Shares of Geron (GERN) rose 9% in June with the announcement of positive results from a PhaseI/II clinical trial of its telomerase therapeutic vaccine in metastatic prostate cancer. But shares of Abgenix (ABGX) dropped 22% despite the fact that researchers found panitumumab, an experimental cancer drug being developed by Amgen and Abgenix, reduced tumors by 50% or more in about 10% of colon cancer patients who previously failed to benefit from chemotherapy. This is comparable to reductions in patients treated with ImClone's Erbitux. Like Erbitux, panitumumab is a monoclonal antibody that works by blocking the epidermal growth factor. Unlike Erbitux which contains fragments of mouse proteins, it is fully human and could have a theoretical safety advantage that has not yet been demonstrated.

The Burrill Large-Cap Index rose 2% in June and is up 8% for the year. Affymetrix (AFFX) was the strongest performer in the sector as shares jumped 7% after the company raised its 2004 earnings outlook from 50 cents to 60 cents per share following a decision to convert a license agreement with Oxford Gene Technologies to a one-time payment of $62.5 million. AFFX shares ended the month up 11%. Shares of Human Genome Sciences (HGSI) rose 7% during the month based in part on the company's deal with Akzo Nobel for antibody production. Shares of Genentech (DNA) slid 6% in June despite positive test data on Tarceva, the cancer drug being co-developed by Genentech and OSI Pharmaceuticals (OSIP).

The Burrill Mid-Cap Index dropped 1% during June and is down 4% year to date. But, ZymoGenetics (ZGEN) shares rose 19% during June. Novo Nordisk exercised its option to extend its agreement with ZymoGenetics to exclusively license a limited number of proteins outside North America. Under the terms of this agreement, Novo Nordisk will pay ZymoGenetics $7.5 million each year for two years and will pay an up front fee and potential milestone and royalty payments upon selection of a protein. Exelixis (EXEL) shares also jumped in June, up 6% after the company filed a new drug application with the FDA for its kinase inhibitor, XL 999, and ended the month up 10%.

Shares of Enzon Pharmaceuticals (ENZN) fell 11% in June even though the company presented positive clinical updates on three oncology candidates at the American Society of Clinical Oncology (ASCO) annual meeting in New Orleans. Shares of Medarex (MEDX) also fell, ending the month down 13%. The company presented positive data for two of its fully human monoclonal antibodies in Phase II trials for Hodgkin's disease and metastatic melanoma, for which the experimental drug received orphan drug status from the FDA. Onyx Pharmaceuticals (ONXX) shares slid 10% after researchers reported that the Onyx-Bayer drug, BAY 43-9006, did not appear to help patients with advanced pancreas cancer when paired with established cancer drug, Gemzar from Eli Lilly. But Onyx's Bay 43-9006 has shown positive results in trials of patients with kidney cancer and advanced malignant melanoma.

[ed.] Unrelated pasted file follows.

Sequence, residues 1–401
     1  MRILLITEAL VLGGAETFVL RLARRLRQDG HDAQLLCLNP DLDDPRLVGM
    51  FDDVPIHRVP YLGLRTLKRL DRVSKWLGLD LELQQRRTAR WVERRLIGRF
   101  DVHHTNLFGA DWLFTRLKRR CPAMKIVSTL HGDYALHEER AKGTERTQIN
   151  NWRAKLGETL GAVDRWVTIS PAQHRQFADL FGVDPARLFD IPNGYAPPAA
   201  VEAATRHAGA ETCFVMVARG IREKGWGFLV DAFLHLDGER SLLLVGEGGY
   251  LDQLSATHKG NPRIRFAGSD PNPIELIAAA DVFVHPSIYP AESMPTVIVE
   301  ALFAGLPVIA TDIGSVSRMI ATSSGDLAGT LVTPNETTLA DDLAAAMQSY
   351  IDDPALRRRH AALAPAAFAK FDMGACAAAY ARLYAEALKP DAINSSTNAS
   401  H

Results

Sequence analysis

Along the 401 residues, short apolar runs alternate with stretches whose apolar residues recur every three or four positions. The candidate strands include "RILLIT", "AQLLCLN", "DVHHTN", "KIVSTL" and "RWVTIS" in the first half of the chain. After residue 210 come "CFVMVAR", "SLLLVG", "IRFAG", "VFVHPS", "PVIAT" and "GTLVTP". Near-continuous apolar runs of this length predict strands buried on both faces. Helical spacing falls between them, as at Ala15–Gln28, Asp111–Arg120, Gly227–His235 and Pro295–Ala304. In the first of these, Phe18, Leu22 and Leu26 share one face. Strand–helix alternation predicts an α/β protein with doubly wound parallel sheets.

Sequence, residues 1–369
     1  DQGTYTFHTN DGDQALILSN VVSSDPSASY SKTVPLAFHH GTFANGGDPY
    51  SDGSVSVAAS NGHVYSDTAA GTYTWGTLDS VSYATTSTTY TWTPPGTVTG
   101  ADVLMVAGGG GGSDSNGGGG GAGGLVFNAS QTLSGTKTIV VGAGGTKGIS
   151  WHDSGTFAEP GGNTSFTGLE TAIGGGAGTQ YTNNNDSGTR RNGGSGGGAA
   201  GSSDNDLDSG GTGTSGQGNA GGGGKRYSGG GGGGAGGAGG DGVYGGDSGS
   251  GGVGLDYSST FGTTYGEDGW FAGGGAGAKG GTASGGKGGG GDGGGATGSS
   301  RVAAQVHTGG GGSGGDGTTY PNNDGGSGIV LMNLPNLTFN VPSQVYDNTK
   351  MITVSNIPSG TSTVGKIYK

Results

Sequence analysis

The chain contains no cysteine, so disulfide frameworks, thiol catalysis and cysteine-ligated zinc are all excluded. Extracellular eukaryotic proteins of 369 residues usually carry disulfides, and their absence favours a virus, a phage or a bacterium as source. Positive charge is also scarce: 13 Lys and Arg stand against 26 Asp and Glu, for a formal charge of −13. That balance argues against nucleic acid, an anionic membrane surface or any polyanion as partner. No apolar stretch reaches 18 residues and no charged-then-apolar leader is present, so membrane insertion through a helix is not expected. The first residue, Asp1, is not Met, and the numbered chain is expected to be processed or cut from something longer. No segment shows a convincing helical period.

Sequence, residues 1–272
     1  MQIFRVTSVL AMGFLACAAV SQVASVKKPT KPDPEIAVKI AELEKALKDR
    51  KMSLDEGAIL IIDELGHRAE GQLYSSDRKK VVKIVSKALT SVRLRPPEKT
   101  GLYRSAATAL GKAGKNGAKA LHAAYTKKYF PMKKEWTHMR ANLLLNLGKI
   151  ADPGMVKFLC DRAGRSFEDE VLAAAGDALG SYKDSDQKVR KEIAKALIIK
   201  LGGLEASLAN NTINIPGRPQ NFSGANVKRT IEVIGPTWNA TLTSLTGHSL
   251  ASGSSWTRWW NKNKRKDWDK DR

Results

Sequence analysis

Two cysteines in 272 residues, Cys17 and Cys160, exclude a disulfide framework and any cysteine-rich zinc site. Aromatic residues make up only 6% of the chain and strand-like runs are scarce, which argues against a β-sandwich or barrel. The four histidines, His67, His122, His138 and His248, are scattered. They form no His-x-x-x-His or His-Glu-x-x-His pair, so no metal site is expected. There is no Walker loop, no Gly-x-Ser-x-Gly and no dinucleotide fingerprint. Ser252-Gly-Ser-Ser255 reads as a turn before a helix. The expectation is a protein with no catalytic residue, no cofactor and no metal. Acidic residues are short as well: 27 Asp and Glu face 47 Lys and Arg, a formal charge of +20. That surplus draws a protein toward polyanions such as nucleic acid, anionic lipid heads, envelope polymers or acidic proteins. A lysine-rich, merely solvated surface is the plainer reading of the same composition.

The Burrill Small-Cap Index was down 6% in June and is down 4% since the first of the year. Dyax' (DYAX) shares rose 19% after the FDA allowed the company to resume clinical trials on a compound treating a rare genetic disorder. Shares had plunged 32% when the FDA temporarily suspended the trials in May until Dyax answered some questions about earlier animal tests. Ten days after the suspension was lifted, Dyax and Genzyme, Dyax' partner in developing the drug, announced that the drug had met its primary endpoint in the Phase II trial.

Shares of Pharmos (PARS) rose 22% in June as its neurological drug candidate, dexanabinol, a close chemical cousin of THC, moves into late-stage trials and could become the first drug to receive FDA approval for traumatic brain injury.

Kosan Biosciences (KOSN) shares plummeted 27% after Kosan and its partner, Roche Holding, said that they were halting mid-stage clinical trials of their experimental treatment for colorectal cancer, citing an unexpected toxic build-up in patients. Introgen Therapeutics (INGN) saw shares fall by 35% after Wall Street expressed concern that the company's experimental cancer drug may face more hurdles than previously expected. Shares of Neurogen (NRGN) also fell sharply, ending the month down 20%; after the company said that it will likely drop development of its experimental drug for adult rheumatoid arthritis after it fared poorly in a mid-stage clinical trial.

The Burrill Genomics Index managed to gain 3% in June but is 10% below its value at the beginning of the year. CuraGen (CRGN) reversed its downward trend and ended the month up 20%. The Company announced a license and collaboration agreement with TopoTarget A/S to develop and commercialize PXD101, a novel histone deacetylase (HDAC) inhibitor for the treatment of solid and hematological cancers. CuraGen also announced that it has licensed Seattle Genetics' proprietary ADC technology for use with CuraGen's proprietary antibodies for the treatment of cancer. Caliper Life Sciences (CALP) shares continued to slide, ending the month off 12%; and shares of Lynx Therapeutics (LYNX) were down 23% at the end of the month.

The Burrill Agbio Index gained 2% in June and is up 7% year to date. Shares of Terra Nitrogen (TNH) ended the month up 34%. Shares of Monsanto (MON) rose during the month to end up 10%. The company reported a higher than expected quarterly profit due to strong sales of herbicide and genetically modified seeds. Other companies in the index didn't fare as well: Eden Bioscience (EDEN) lost its May gain and then some, ending the month down 23%; and Large Scale Biology (LSBC) continued steadily downhill, ending the month down 10%.